(photo credit: Neta Shor)
The Jewish Agency is to be congratulated on its decision, at last month’s annual
meeting, to prioritize Israel Experience programs solidifying the connection
between young Jews in the Diaspora and the Jewish state.
Birthright free 10-day mission for the 20- 30-year-olds (especially geared to
those who hitherto have never visited), has proved an outstanding
Participants return home with a reinforced Jewish identity
culminating with many graduates choosing to marry Jewish partners. The
Agency wishes to expand schemes such as this as well as the MASA project
enables young people to spend an entire year here.
There are some critics
who believe that the prioritizing of this initiative is a turning away
agency’s traditional role of fund-raising – namely to encourage aliya
new immigrants. However unless Jews abroad feel connected to Israel they
neither wish to contribute financially nor come on aliya.
of Jewish identity is a major factor in the increasing rate of
Without an historic understanding of the Jewish state, together with a
pride in who we are, there is little to keep us within the fold. This
with an Israel that is at the receiving end of worldwide bashing,
results in the
misinformed tenuous Jew turning away from the country.
has also aggravated the already negative situation for the Jewish
It has been proven that seeing is believing – the very reason the
Jewish Agency has decided to make it possible for many more young people
and discover for themselves how it feels to be part of a majority rather
minority in a country retaining democratic values.
THE QUESTION is
whether coming here is enough.
While many have benefited initially from
these programs, there appear to be two weak areas. The first is the
through” (or rather lack of it). Thousands of 16-year-olds visit during
summer for a three- or four-week program via a youth movement, but what
when they return home full of their meaningful experience? A
granddaughter of ours participated in a summer program last year – she
enthusiastic – there was talk of initiating leadership courses for the
participants on their return home, but it simply did not materialize nor
there any further contact.
Sadly this is not unusual. What happens to all
the Birthright participants who return home – do they become involved in
local community? Or are they left alone with the impact of the 10-day
swiftly dissipating? The all-important first trip is the down payment,
without adequate follow through there are no dividends.
The second area,
the more important one in my view, is the need for the Diaspora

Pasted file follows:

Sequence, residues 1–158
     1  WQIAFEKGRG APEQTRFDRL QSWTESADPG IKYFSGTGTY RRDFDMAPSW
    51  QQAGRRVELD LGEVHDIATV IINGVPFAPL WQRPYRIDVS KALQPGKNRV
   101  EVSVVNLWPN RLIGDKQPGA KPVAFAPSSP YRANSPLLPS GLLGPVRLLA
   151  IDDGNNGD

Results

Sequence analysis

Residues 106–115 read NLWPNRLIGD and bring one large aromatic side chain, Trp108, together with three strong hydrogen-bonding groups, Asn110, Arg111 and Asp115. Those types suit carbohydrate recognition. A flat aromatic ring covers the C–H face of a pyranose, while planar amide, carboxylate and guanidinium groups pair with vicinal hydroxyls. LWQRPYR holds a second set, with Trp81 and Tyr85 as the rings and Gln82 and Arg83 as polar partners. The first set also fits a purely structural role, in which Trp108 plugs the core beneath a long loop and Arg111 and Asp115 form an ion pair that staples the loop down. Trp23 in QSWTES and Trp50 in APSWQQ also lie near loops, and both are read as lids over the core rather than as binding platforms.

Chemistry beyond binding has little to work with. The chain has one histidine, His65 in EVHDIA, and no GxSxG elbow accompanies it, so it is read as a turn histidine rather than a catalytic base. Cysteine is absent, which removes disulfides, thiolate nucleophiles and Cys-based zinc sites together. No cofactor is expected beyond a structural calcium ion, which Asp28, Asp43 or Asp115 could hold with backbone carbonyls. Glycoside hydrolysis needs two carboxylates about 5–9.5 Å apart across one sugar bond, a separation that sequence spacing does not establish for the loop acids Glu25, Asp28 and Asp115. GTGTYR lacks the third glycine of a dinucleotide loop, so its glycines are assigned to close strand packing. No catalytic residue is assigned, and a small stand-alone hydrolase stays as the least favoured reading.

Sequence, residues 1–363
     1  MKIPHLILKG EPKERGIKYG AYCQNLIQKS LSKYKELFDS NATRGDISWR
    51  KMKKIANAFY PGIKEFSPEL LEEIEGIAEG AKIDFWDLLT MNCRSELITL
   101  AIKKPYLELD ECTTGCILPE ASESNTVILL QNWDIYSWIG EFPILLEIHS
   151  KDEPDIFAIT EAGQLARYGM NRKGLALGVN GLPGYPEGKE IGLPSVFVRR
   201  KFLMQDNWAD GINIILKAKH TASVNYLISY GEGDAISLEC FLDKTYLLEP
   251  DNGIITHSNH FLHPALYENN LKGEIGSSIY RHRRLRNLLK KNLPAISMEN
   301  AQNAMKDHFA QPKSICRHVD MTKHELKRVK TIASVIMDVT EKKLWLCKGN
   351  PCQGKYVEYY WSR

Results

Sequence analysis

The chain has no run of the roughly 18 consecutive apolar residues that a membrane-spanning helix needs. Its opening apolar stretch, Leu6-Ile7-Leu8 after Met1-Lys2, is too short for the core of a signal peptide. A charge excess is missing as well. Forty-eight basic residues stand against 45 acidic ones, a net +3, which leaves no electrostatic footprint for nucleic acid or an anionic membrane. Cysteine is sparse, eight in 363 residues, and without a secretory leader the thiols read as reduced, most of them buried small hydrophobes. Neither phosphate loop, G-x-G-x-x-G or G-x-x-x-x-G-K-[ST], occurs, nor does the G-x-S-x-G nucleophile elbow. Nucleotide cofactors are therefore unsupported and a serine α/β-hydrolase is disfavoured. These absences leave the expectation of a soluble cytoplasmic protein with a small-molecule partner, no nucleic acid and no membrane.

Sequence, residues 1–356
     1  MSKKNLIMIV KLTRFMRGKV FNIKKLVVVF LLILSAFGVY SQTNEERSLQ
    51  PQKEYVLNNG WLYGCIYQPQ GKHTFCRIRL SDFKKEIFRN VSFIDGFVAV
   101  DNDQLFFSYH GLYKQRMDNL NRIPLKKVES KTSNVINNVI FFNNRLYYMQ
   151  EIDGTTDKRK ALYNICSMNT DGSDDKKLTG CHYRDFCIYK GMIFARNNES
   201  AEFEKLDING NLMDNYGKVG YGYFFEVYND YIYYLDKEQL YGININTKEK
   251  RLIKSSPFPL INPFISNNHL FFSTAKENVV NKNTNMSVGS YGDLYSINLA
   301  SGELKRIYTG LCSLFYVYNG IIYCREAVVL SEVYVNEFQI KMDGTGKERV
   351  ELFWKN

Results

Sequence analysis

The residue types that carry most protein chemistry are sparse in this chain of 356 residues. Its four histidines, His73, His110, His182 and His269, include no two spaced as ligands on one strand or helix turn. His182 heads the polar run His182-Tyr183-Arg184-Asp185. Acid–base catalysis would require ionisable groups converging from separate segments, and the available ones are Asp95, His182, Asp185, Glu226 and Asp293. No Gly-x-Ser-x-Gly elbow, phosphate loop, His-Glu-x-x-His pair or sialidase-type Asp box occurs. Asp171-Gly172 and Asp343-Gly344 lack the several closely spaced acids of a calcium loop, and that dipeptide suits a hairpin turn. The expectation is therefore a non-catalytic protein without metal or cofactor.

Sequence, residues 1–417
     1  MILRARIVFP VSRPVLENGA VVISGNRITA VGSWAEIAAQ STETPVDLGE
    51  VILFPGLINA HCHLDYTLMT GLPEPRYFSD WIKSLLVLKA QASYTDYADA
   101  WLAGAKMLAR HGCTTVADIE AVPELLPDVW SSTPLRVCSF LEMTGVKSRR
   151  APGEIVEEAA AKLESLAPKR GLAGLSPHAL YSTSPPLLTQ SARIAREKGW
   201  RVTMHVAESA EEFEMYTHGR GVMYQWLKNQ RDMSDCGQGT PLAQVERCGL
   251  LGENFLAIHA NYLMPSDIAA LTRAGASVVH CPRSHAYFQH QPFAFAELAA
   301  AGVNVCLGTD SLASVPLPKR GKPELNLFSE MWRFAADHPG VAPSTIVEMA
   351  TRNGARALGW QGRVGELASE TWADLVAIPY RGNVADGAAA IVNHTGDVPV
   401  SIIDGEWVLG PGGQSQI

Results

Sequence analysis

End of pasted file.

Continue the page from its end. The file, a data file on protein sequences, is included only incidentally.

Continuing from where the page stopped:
connect with his Israeli counterpart and vice-versa.
programs do not allow for this engagement. Surely if we want to connect,
ensure that there is time to meet – to share experiences, to talk to
and learn about “the other.” This is the way to recognize that
different for the 18-year-old here and his or her counterpart in the
Here a youngster has to enter the army – be prepared to lay
down his life for the Jewish state, while his counterpart in the
thinking about which university he might enter or some future career.
quite diverse worlds do not easily lend themselves to a comprehension of
other. This was highlighted when I addressed a group in the UK of
olds whose perception of their Israeli counterpart was negative – citing
aggressive front typified by the name sabra. Sabra is also a fruit with a
prickly outside but with a sweet inside. Through an opportunity to
sweet inside of the Israeli will – we hope – be revealed.
organizes Israeli-based annual seminars for its younger members. An
component has been the composition of these groups, which always include
proportion of Israeli WIZO members – of similar age – who participate
side with their Diaspora counterparts for the full duration of the
Getting to know you, getting to know all about you (as the song
goes from The King and I) is an important tool in bringing us together.
can there be no better place than Israel for this to happen.
relationship between Israel and the Diaspora is of enormous importance
having been achieved in the past. However, if we wish this partnership
strengthened in the future then the foundations have to be laid today.
young people here is not enough in itself. It is vital to ensure that
programs contain Israeli peer participation, an opportunity for dialogue
finally culminates with a follow through contact on the return to their
Let us hope that the Jewish Agency will succeed in bringing many
more young people to Israel, intensifying their Jewish commitment,
Zionist dream and one day perhaps making it their own reality.The writer
is public relations chair of World WIZO and cochair of Europeans for